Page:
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Jan IJ. van der Meer

The present book for the first time links the thoughts of modern Western sociologists of literature with an overall description of the literary activities, attitudes, and views in late eighteenth-century Poland. Inspired by the studies of Bourdieu on literary fields and, more particular, S.J. Schmidt's study of the history of the rise and development of the social system 'literature' in Germany in the eighteenth-century (cf. Schmidt 1989), the author tries to establish whether Poland witnessed the rise of a more complex and (relatively) autonomous literary field or, as Schmidt calls it, a functionally differentiated literary system in the age of the reign of King Stanislaw August Poniatowski (1764-1795).
Functionally differentiated literary systems - systems in which an increased number of literary agents and institutions produce, sell, buy, and criticize literary works according to capitalist principles - are the literary systems of today. As most scholars believe, their origins are to be found in most European nations in the late seventeenth and eighteenth centuries.
Did such a modern literary system, albeit with certain limitations, rise in Poland in the years of the rule of Stanislaw A. Poniatowski? - this is the question the author of the present volume will attempt to answer. This volume is of interest to theoreticians and empirical researchers approaching literature from a sociological point of view, historians, and, of course, slavists interested in eighteenth-century literary developments in Poland.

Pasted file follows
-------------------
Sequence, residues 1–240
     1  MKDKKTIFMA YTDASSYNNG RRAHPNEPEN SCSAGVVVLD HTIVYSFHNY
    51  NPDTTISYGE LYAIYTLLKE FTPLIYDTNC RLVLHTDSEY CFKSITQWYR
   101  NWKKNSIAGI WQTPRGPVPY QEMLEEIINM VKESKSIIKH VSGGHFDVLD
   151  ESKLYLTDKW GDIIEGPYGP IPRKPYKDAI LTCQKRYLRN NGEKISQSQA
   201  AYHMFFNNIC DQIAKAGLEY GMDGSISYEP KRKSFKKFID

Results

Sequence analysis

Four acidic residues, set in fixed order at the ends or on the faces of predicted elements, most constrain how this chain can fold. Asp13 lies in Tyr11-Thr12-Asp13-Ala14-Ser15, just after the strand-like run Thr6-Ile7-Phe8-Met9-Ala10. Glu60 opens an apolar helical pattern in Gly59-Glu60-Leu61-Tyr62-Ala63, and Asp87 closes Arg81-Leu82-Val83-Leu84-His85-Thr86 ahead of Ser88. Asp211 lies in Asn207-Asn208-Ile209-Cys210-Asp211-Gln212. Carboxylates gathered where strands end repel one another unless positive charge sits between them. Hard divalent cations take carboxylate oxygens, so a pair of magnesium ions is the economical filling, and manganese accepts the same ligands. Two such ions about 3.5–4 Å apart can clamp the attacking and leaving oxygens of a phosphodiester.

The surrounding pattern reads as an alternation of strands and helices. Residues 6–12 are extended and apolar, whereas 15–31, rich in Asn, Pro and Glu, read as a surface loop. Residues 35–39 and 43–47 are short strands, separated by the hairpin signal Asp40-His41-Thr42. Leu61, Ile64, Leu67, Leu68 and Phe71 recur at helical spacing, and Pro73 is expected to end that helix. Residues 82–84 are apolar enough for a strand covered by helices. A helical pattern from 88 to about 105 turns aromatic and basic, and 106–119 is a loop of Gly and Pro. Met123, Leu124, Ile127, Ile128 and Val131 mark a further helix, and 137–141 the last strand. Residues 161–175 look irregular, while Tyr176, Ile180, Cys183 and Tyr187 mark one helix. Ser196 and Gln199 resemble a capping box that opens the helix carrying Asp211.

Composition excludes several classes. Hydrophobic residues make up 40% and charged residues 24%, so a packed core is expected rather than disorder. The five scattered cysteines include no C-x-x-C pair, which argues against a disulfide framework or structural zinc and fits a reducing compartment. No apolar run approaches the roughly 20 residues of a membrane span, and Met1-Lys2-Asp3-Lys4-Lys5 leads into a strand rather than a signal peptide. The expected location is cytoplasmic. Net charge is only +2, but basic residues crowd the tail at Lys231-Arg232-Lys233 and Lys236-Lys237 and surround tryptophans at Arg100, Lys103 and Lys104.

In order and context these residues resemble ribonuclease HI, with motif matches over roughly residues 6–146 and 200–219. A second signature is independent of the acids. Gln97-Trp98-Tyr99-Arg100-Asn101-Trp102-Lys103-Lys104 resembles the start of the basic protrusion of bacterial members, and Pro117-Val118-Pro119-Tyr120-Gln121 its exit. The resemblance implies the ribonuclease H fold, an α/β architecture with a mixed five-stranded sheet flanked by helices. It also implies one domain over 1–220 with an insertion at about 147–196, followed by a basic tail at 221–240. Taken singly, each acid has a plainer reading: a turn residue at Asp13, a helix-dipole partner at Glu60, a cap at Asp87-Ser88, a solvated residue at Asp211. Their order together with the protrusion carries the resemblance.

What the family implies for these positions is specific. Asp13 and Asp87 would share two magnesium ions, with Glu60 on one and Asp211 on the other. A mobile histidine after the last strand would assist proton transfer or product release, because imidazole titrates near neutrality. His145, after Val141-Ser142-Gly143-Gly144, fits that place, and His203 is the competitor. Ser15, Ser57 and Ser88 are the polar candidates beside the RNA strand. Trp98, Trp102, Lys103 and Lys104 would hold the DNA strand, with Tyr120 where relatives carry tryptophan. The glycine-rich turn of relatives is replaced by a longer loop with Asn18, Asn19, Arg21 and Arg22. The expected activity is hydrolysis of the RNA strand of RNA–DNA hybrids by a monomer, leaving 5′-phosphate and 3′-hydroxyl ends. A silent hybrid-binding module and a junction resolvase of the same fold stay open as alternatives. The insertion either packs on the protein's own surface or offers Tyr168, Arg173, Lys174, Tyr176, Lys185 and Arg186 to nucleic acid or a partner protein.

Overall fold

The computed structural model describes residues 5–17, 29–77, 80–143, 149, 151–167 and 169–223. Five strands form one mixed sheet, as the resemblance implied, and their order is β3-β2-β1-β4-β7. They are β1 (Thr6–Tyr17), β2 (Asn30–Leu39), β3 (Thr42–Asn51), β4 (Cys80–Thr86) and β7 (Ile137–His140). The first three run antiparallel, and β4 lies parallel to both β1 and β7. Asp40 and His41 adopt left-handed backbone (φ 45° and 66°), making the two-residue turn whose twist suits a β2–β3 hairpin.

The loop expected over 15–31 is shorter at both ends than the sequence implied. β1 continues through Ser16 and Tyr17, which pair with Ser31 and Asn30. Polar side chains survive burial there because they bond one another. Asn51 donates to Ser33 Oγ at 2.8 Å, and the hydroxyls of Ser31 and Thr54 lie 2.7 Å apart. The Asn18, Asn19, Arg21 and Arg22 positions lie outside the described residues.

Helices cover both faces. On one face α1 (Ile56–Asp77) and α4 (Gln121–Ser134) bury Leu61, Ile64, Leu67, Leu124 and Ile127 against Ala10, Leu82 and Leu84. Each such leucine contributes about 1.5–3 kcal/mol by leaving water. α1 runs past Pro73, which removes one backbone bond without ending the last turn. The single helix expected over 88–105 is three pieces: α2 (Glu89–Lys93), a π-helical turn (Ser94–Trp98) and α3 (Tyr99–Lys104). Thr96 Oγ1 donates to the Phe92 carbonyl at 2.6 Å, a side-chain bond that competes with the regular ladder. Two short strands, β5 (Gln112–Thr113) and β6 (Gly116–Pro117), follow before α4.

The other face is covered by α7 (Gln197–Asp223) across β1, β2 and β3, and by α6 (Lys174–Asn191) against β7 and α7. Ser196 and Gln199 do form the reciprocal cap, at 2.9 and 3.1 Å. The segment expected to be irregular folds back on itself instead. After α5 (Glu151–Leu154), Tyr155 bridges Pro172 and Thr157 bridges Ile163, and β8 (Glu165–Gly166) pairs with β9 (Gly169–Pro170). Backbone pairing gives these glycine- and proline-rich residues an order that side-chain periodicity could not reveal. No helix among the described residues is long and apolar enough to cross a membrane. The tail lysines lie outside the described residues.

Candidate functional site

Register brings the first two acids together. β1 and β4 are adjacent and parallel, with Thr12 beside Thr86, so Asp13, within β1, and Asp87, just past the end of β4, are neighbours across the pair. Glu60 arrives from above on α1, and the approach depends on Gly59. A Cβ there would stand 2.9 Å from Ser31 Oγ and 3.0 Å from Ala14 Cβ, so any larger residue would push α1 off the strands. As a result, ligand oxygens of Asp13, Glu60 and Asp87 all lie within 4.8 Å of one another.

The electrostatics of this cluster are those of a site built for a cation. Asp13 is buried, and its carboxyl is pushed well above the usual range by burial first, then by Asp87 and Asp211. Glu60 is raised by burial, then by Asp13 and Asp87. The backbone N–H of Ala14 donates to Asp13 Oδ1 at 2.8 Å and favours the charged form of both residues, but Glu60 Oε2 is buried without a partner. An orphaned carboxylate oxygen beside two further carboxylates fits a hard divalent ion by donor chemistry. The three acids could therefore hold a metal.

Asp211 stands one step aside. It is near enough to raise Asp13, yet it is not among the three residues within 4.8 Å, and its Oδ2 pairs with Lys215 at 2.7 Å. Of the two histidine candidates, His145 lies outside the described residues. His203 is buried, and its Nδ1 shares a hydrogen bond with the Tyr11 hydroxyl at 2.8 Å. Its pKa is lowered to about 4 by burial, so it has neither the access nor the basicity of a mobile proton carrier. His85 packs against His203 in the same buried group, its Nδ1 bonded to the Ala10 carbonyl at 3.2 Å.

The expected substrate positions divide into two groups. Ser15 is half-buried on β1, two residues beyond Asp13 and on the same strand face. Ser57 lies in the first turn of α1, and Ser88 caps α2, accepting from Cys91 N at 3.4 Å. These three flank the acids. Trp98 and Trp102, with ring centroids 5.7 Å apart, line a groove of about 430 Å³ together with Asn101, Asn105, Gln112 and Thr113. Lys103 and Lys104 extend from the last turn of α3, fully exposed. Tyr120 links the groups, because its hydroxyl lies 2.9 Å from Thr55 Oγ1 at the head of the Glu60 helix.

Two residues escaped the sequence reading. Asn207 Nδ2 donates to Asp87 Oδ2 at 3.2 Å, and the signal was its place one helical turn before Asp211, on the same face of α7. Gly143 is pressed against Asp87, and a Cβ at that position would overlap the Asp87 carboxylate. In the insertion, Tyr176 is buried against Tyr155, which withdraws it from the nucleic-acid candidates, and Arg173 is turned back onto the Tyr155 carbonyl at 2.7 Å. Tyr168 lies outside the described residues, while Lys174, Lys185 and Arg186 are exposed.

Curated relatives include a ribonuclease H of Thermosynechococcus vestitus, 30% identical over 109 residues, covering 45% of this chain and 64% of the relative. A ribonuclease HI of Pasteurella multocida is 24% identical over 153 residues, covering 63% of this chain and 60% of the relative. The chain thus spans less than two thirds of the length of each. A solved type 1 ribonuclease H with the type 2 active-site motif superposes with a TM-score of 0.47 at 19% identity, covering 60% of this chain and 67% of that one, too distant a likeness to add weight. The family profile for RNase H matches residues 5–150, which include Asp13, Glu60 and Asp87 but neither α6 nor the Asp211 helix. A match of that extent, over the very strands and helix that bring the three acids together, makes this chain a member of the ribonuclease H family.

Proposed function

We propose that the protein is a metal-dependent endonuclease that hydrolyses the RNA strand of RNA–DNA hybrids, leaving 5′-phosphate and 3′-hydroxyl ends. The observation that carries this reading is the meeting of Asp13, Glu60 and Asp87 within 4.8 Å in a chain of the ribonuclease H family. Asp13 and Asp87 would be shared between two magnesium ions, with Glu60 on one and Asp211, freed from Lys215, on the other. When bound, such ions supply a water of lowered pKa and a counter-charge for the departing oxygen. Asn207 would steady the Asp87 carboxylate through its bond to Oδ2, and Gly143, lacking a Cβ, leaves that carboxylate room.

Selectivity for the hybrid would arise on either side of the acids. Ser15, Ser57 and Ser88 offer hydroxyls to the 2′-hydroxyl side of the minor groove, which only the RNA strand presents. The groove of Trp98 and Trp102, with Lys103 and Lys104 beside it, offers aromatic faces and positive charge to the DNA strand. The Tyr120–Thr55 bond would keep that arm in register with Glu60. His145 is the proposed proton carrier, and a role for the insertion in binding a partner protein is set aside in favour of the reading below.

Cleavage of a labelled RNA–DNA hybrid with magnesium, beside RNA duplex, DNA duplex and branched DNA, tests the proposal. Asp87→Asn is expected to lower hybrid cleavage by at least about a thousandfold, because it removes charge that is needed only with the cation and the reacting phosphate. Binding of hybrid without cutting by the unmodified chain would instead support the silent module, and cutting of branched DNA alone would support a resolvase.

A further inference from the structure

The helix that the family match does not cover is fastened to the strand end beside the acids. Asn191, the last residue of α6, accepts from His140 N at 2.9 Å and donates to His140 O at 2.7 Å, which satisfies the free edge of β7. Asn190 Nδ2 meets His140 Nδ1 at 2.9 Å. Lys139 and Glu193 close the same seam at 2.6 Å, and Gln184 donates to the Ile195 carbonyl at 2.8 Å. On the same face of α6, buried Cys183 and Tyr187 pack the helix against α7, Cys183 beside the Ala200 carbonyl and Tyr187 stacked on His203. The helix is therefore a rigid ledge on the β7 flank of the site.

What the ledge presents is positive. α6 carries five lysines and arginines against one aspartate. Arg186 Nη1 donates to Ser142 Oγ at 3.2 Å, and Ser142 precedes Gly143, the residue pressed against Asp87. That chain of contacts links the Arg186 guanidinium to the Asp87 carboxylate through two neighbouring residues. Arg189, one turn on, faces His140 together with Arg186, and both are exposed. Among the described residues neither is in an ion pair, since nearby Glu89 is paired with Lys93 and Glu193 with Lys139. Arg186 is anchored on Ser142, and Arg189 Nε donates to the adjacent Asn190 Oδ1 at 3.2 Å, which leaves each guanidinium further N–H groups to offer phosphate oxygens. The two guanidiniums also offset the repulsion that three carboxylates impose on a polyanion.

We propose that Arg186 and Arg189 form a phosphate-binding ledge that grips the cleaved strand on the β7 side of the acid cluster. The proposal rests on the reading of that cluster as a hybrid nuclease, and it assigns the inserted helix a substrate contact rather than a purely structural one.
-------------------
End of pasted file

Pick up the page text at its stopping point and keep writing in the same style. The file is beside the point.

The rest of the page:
The Society Tale in Russian Literature

From Odoevskii to Tolstoi

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Edited by Neil Cornwell

This collection of essays is the first book to appear on the society tale in nineteenth-century Russian fiction. Written by a team of British and American scholars, the volume is based on a symposium on the society tale held at the University of Bristol in 1996. The essays examine the development of the society tale in Russian fiction, from its beginnings in the 1820s until its subsumption into the realist novel, later in the century. The contributions presented vary in approach from the text or author based study to the generic or the sociological. Power, gender and discourse theory all feature strongly and the volume should be of considerable interest to students and scholars of nineteenth-century Russian literature. There are essays covering Pushkin, Lermontov, Odoevsky and Tolstoi, as well as more minor writers, and more general and theoretical approaches.

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Edited by Olga Tabachnikova

Russia is an enigmatic, mysterious country, situated between East and West not only spatially, but also mentally. Or so it is traditionally perceived in Western Europe and the Anglophone world at large. One of the distinctive features of Russian culture is its irrationalism, which revealed itself diversely in Russian life and thought, literature, music and visual arts, and has survived to the present day. Bridging the gap in existing scholarship, the current volume is an attempt at an integral and multifaceted approach to this phenomenon, and launches the study of Russian irrationalism in philosophy, theology, literature and the arts of the last two hundred years, together with its reflections in Russian reality.